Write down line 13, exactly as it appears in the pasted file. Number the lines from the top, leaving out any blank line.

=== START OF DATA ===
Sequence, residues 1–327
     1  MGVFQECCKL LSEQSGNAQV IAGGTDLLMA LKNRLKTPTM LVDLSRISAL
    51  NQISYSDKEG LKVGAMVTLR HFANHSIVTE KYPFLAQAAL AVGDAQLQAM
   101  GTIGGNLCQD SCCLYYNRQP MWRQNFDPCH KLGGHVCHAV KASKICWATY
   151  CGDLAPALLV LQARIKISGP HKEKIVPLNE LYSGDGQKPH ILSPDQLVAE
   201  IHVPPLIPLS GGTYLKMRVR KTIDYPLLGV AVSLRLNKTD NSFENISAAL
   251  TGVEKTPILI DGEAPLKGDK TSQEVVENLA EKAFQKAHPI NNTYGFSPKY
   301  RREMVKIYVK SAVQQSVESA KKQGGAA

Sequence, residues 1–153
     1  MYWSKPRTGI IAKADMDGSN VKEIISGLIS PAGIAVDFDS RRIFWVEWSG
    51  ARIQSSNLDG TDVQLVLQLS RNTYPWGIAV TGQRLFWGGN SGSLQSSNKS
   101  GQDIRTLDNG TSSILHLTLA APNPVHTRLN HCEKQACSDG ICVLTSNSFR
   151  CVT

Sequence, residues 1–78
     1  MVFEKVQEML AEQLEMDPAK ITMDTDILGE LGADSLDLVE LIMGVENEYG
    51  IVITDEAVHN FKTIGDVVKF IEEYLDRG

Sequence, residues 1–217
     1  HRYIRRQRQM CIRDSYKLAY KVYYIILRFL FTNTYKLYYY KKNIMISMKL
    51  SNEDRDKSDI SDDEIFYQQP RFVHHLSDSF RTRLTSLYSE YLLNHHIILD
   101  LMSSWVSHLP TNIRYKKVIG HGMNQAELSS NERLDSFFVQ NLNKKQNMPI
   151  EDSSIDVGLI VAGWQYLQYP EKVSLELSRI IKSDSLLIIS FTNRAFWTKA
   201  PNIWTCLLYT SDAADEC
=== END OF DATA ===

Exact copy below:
   151  CVT